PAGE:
THUNDER BAY – Aboriginal Now – The Government of Canada and First Nations Leaders are working toward a more equitable agreement on land management. This process started in 1999, and today, John Duncan, Minister of Aboriginal Affairs and Northern Development, joined Chief Robert Louie, Chair of the First Nations Lands Advisory Board (LAB), and Chief Austin Bear, Chair of the First Nations Land Management Resource Centre Inc., at a special signing ceremony on in Ottawa. The signing of the agreement marks the addition of 18 First Nations from across Canada to the Framework Agreement on First Nations Land Management.
“Today’s announcement demonstrates how our Government is working with First Nations to deliver on the commitments made at the Crown-First Nations Gathering to create the conditions to accelerate economic development opportunities and maximize benefits for all Canadians,” said Minister Duncan. “This important step will allow them to operate at the speed of business, creating economic and job opportunities and leading to more self-sufficient communities.”
The Framework Agreement on First Nation Land Management (1996) was ratified by the First Nations Land Management Act (FNLMA) in 1999. The Framework Agreement enables participating First Nations to opt out of the 34 land-related sections of the Indian Act and establish their own regimes to govern their lands, resources and environment.
There will now be over 50 First Nations operating under their own land codes.
The Framework Agreement requires that First Nations develop a land code setting out the basic rules and procedures for the new land governance regime. This in turn, lays the groundwork for expanded economic development on reserves and increased business partnerships with the private sector.
By signing onto the Framework Agreement, these First Nations are beginning a process to opt out of the 34 land-related sections of the Indian Act and assume control over their reserve land, resources and environment.
The Government of Canada committed up to $20 million over two years to respond to the growing interest from First Nation leaders to participate in the First Nations Land Management (FNLM) Regime. On January 23, 2012, the Government announced the names of 18 First Nations selected to join the Regime as part of this commitment. The First Nations include: Alexis Nakota Sioux Nation [AB], Aitchelitz [BC], Beausoleil [ON], Bingwi Neyaashi Anishinaabek [ON], Buffalo Point [MB], Haisla Nation [BC], Long Plain [MB], Mashteuiatsh [QC], Membertou [NS], Miawpukek [NL], One Arrow [SK], Shuswap [BC], Skowkale [BC], St. Mary’s [BC], Stz’uminus [BC], Tsuu T’ina [AB], Williams Lake Indian Band [BC] and Yakweakwioose [BC].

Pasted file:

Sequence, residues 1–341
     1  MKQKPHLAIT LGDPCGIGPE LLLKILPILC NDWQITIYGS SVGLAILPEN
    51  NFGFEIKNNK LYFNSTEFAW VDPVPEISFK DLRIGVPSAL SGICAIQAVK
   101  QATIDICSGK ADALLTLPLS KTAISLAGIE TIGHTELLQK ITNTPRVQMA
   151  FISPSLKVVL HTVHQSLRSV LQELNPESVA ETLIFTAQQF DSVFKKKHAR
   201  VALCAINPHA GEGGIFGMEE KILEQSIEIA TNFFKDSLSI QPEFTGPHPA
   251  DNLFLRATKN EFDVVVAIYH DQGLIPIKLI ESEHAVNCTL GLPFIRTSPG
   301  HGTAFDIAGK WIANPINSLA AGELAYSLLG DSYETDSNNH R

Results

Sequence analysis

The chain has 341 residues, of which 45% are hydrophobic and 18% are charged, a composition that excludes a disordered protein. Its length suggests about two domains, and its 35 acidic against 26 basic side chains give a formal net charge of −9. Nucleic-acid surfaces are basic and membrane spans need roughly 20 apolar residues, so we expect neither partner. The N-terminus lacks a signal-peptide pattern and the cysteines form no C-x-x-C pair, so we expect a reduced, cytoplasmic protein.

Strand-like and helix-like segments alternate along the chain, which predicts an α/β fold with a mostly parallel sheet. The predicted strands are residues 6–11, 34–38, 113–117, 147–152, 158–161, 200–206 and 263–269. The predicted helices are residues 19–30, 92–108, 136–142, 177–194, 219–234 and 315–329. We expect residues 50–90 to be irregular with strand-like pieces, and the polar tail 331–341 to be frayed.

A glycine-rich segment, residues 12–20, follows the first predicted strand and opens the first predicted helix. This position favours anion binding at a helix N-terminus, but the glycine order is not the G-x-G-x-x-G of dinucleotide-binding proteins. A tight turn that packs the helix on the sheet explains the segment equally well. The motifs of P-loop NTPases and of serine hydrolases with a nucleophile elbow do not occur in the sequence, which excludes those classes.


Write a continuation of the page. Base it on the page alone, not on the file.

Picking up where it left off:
“This is another historic day for the Framework Agreement,” stated Chief Louie. “Eighteen more First Nations now have the opportunity to assume jurisdiction over their reserve lands. This control is a critical step on the path to self-sufficiency.”
“Without the Minister’s dedication to advance the Framework Agreement, we would not be here today in celebration,” added Chief Bear. “The Directors of the Lands Advisory Board and the Resource Centre Board are pleased with the government’s commitment to putting First Nations in more direct control of their economic development.”
As new signatories to the Framework Agreement, these First Nations can now begin developing their own land codes. Once approved by their community members, these land codes will enable the First Nations to better pursue economic opportunities outside the limitations of the Indian Act. Today’s signing ceremony means that almost 60 First Nations are now operating or developing land codes under the FNLM Regime.
Improving economic opportunities for Aboriginal people is a priority for the Government of Canada. In June 2009, the Government of Canada released the Federal Framework for Aboriginal Economic Development (FFAED) which represents a fundamental change to how the federal government supports Aboriginal economic development. The FFAED emphasizes strengthening entrepreneurship, enhancing the value of Aboriginal assets, and forging new and effective partnerships to maximize the economic development potential of Aboriginal Canadians.